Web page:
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Strange Times for Janet Jackson

What strange times for Janet Jackson. The songstress has been on the scene this week for the highly emotional preliminary hearing on an involuntary manslaughter charge against Michael Jackson's physician, Dr. Conrad Murray. (She has been quite vocal in blaming the doctor for her brother's death.) At the same time, she has her own whirlwind of imminent business — including planning of her soon-to-launch Number Ones, Up Close and Personal world tour. As of this writing, tickets are set to go on sale tomorrow (1/8).

There's also the launch of her "True You" book dealing with diet, exercise, self-image and self-esteem to contend with. The tome hits stores Feb. 8.

And on top of that, Jackson could easily find herself in this year's Academy Awards running come Jan. 25. Her hit "Nothing" (written and produced by her in association with Johnta Austin, Bryan-Michael Cox and Jermaine Dupri) from Tyler Perry's "Why Did I Get Married Too?" is being buzzed by Oscar prognosticators everywhere as a good bet for a Best Song nomination.

Jackson has been balancing moving on with her life and dealing with the aftermath of Michael's death for more than a year and a half now. You may recall that "Why Did I Get Married Too?" briefly shuttered production after his passing, while Jackson flew to join family in L.A. for the funeral. When she returned to the movie location, her friends on the production "decided, in unison, to give her space and respect whatever feelings she was feeling," as Jill Scott recalled it to this column. "If she wanted to be quiet, we'd step back. If she wanted to talk, we'd be there for her. I think she did find escape in her work. She definitely did."

Jackson's tour will definitely keep her busy — if all goes according to plan — with 35 global destinations involved including Singapore on Feb. 7, Hong Kong on Feb. 14 and Taipei on Feb. 19. She's taking the unusual step of having fans determine her route by voting on her janetjackson.com web site. In each of the 35 cities, she will dedicate one of her No. 1 songs to the city, and she will also recognize 20 young people whose lives and work have enriched their communities in a major way.

A HYPHENATE'S HYPHENATE: Daniel Stern has just finished an episode of NBC's forthcoming midseason "The Paul Reiser Show" — as director — and tells us the quasi-autobiographical comedy "is really, really funny. People are going to like it."

Stern's life these days couldn't be much more eclectic. When not acting or directing, he's often engaged with his career as a sculptor who works in bronze. "I just did an 8-foot tall guy for the San Diego harbor," informs the multi-talent, who adds that his work is viewable on danielsternart.com. "I have a couple of commissions I'm working on now. I like to stay busy with my art stuff, you know."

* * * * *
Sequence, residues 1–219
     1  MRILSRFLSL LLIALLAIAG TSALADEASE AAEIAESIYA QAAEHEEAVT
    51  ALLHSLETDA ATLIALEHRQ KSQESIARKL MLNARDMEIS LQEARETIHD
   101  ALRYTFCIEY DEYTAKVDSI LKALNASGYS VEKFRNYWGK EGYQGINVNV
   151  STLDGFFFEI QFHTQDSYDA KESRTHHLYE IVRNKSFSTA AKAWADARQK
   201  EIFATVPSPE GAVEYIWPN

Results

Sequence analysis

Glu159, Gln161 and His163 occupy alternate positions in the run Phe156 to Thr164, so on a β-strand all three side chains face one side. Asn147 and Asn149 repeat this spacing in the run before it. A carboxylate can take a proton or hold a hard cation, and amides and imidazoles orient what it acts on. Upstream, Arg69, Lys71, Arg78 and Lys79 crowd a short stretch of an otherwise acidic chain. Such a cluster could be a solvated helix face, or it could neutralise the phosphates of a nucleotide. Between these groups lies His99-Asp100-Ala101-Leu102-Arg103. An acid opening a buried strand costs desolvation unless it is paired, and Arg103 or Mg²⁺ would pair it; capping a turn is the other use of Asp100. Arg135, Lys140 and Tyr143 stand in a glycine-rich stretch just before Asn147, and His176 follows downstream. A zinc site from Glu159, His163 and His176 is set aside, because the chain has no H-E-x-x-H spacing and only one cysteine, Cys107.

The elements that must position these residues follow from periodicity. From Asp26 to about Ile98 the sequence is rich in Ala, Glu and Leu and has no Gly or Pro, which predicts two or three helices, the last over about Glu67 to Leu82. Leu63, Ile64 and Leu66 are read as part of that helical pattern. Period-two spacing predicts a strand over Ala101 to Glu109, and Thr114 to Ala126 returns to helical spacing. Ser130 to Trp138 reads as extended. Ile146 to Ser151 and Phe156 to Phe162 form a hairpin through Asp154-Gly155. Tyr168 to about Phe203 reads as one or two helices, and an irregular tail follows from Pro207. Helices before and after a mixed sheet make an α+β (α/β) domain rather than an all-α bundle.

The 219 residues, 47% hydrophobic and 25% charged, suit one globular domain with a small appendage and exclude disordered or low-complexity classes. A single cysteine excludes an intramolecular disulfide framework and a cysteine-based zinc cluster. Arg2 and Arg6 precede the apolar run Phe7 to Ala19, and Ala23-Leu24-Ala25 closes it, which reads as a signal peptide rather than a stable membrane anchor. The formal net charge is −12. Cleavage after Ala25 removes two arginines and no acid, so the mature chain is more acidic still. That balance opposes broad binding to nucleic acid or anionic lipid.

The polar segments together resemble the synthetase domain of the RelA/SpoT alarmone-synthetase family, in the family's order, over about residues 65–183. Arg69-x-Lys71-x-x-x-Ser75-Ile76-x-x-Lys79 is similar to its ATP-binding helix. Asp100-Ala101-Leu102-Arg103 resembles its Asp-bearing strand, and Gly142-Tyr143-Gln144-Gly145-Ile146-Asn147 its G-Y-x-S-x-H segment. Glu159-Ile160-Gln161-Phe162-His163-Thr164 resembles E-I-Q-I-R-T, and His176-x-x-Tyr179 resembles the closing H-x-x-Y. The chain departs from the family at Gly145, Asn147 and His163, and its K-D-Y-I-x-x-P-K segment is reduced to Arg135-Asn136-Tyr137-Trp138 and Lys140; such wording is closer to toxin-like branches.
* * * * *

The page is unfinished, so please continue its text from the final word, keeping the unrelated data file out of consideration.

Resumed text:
And if not that, "I live on a cattle ranch half the year, so I have a lot of chores to do, stalls to sweep out," he says. He got inspired to get into the ranch life after "City Slickers," about 10 years ago, and bought a spread near Porterville in California's San Joaquin Valley.

"We've got olive trees and citrus. We're running cattle, goats and horses. It's a real respite from the Los Angeles scene," he declares. According to Stern, not long after he got the ranch, "I went out, and there were cows out there, and I accidentally started a small stampede. It was such a 'City Slickers' moment."

He did learn what he was doing, though, to the extent that his cattleman gifted him with a real cowboy hat.

"When one thing isn't happening the way I want it to, I go to another one," notes Stern, who is also a playwright. "When I need to take a break from writing a script, I can go talk to my cattle guy or I can go to work in my sculpture studio. I know how hard it is for everybody out there, and I appreciate the fact I'm just the luckiest guy I know, I really am. I earned a little bit of money, and I bought my freedom," says Stern.

Most of all, he adds, "My kids are all happy in their worlds, and my wife and I are about to celebrate our 30th anniversary."

LAID BACK: Taio Cruz spent much of last year on the road performing and promoting his music, including No. 1 hits "Break Your Heart" and "Dynamite." To chill out, he says, "I normally bring video games — PS3 in a bag — plus, I'm into TV. I can escape for a few minutes that way. My favorite thing to do is watch comedies. 'Megamind' was really funny." This month, Cruz is snagging a couple of hard-earned weeks off.

A PIECE OF THE ACTION: With the upcoming events and promotion pegged to the centennial birthday of Ronald Reagan coming up Feb. 6, do you think for a moment Hollywood would fail to take advantage of the hoopla over the late 40th president's special year? Not at all. Warner Home Video is issuing eight of the Gipper's flicks in commemorative editions come Jan. 25: "Dark Victory," "Knute Rockne All-American," "Kings Row," "Desperate Journey," Irving Berlin's "This Is the Army," "The Hasty Heart," "Storm Warning" and "The Winning Team." He's teamed with Bogie, Bette, Errol and other Golden Era film greats in the package that will enable the public to decide all over again if his acting warranted better than the B-movie roles he usually landed in — before taking off for political green pastures.


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